“With a POW!”

Play With Me, Michael Pedersen, Polygon Books, £9.99
reviewed by Mark Burnhope
Play With Me
Confession: I wish poetry was (amongst other, contradictory, things) more popular: not popularist, just widespread. The sheer ubiquity of music and film has tended to show that ‘pop’ and not-pop can co-exist; can give ‘the good stuff’ (whatever you say it is, and now’s not the time) a fighting chance of being found by a discerning audience.

Play With Me is unashamedly splashed with pop memes (the “POW!” of my title is referenced in the poem ‘Shapes of Every Size’, accompanied by one of several comic-style illustrations by Carrie May) – as refreshing as its endorsements from Stephen Fry, Irvine Welsh, Liz Lochhead and John Hegley (only two of whom are known for poetry). Pop references are nothing new, of course, and can feel like product placement – if not to sell products, then to prove a writer is ‘on the pulse’. But pop culture is just part of Pedersen’s world. The outdated movie titles in ‘Manchester John’, set in an NHS overdose clinic, are essential in painting the setting’s stale medical atmosphere:

Drips from leaky roofs.
Kids paw mangled movie mags;
their thumbed reviews of Men in Black,
Titanic, a sequel to Jurassic Park,
are this ward’s longest residents.

The two opening poems – ‘Colmar’ (about a horny teenager on a French exchange) and ‘R.I.P Porty High School’ – reminded me less of poetry (except a dash of Mick Imlah) and more of TV shows like Grange Hill, or Generation Y’s The Inbetweeners, although Pedersen is no cheeky-chappy ‘mockney’ but a cursing Scot: “Like his faither afore him, / ma faither kicked fuck oot ma maither.” Like The Inbetweeners, Pedersen’s stereotypes aren’t always satisfyingly subverted. ‘RIP Porty High School’, about the controlled demolition of an inner-city school, cuttingly mocks the bourgeois establishment we dissenting students became:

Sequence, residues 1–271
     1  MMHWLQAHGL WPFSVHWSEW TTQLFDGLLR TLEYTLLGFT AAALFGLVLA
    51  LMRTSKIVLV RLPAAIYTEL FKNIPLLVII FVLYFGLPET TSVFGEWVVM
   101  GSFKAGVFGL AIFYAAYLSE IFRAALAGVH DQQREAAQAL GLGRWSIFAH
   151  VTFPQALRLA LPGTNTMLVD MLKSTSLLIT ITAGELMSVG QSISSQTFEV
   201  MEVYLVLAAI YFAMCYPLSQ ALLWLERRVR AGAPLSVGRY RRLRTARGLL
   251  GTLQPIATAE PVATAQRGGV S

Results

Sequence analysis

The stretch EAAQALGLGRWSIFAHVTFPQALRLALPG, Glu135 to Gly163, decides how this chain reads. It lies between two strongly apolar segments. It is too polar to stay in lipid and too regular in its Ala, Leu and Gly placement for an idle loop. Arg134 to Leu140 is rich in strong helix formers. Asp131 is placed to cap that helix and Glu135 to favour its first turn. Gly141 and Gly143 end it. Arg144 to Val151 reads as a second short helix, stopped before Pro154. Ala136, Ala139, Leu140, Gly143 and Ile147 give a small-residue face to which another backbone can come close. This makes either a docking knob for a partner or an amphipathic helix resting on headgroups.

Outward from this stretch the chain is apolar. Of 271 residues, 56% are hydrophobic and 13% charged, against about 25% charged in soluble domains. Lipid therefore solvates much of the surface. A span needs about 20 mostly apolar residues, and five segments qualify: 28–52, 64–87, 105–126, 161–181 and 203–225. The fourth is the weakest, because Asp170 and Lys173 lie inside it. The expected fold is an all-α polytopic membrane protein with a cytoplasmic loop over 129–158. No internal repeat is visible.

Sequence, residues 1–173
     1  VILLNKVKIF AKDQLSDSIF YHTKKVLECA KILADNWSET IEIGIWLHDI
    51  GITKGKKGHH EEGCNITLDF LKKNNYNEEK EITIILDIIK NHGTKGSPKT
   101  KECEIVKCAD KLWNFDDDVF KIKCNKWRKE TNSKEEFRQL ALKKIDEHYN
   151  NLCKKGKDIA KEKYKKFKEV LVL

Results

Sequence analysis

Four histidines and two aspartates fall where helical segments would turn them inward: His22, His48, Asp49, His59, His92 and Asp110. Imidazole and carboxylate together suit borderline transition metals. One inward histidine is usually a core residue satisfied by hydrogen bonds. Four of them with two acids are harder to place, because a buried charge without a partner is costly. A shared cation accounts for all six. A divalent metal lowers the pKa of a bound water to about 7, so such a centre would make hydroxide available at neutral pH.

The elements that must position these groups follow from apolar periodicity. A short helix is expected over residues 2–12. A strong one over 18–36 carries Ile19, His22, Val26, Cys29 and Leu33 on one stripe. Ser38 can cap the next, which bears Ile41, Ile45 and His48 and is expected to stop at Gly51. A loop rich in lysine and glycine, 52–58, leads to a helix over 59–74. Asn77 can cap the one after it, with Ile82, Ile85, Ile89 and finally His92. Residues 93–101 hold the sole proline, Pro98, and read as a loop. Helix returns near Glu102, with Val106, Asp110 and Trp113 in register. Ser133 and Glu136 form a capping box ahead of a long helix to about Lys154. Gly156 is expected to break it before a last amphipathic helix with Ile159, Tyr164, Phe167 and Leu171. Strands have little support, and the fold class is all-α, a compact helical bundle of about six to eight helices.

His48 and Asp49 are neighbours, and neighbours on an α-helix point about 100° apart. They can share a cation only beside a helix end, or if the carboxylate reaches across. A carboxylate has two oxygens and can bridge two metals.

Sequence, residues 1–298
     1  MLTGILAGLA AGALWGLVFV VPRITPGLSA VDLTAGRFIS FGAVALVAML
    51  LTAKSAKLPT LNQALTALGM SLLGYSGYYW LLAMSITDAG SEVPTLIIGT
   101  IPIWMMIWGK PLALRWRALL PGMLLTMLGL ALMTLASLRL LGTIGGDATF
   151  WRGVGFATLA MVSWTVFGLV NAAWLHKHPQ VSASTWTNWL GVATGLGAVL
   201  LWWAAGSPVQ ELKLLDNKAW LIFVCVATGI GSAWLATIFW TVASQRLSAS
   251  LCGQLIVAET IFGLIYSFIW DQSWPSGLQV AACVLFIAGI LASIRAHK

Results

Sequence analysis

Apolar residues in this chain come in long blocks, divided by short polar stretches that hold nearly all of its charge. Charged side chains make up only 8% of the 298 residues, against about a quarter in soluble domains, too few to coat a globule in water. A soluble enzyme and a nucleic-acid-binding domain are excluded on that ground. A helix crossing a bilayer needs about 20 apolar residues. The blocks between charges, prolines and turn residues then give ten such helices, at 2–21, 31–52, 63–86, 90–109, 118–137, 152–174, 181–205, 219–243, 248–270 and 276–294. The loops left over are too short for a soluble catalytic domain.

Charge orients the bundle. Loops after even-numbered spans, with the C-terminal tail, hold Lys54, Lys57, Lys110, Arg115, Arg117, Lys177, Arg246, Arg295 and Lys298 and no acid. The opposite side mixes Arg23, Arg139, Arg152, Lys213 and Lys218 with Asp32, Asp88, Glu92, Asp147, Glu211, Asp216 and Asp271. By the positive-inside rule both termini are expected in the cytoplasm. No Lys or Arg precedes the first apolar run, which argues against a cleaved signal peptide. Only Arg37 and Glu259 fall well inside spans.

The explosion is sure-fire
to muster a crowd:
bullied boys turning out
in thousands, who,
despite the salary, are
still clamouring
for comeuppance.

But the cliché of “svelte Thai brides” on the arms of rich men is notable for its racial caricature more than its critique of elitism (although that they are “pretending, now, / to like the fitbaw” is a nice detail), marring an otherwise effective ending in which “others emerge / clasping books / of Collected Poems, / their names on the spine.” Elsewhere, the Cambodia poems in section III occasionally succumb to one danger of ‘poetry tourism’: a humour that, for me, didn’t sit quite right in context.

Aside from a few misgivings, Play With Me is the kind of unique, crafted and entertaining book which (amongst other, contradictory, things) I’d like to see more of. Michael Pedersen’s poetry is refreshing for being performance-ready and crafted (his loud alliteration will divide readers, but I’m a fan. In ‘Dead Skin and Stray Fingernails’: “The driveway is busy, the drapes / no longer droop”). Confident on page and stage, Pedersen has already proven popular. I’ll be keeping an eye on how he develops his refreshing mix of skills.

Mark Burnhope
http://markburnhope.blogspot.co.uk/

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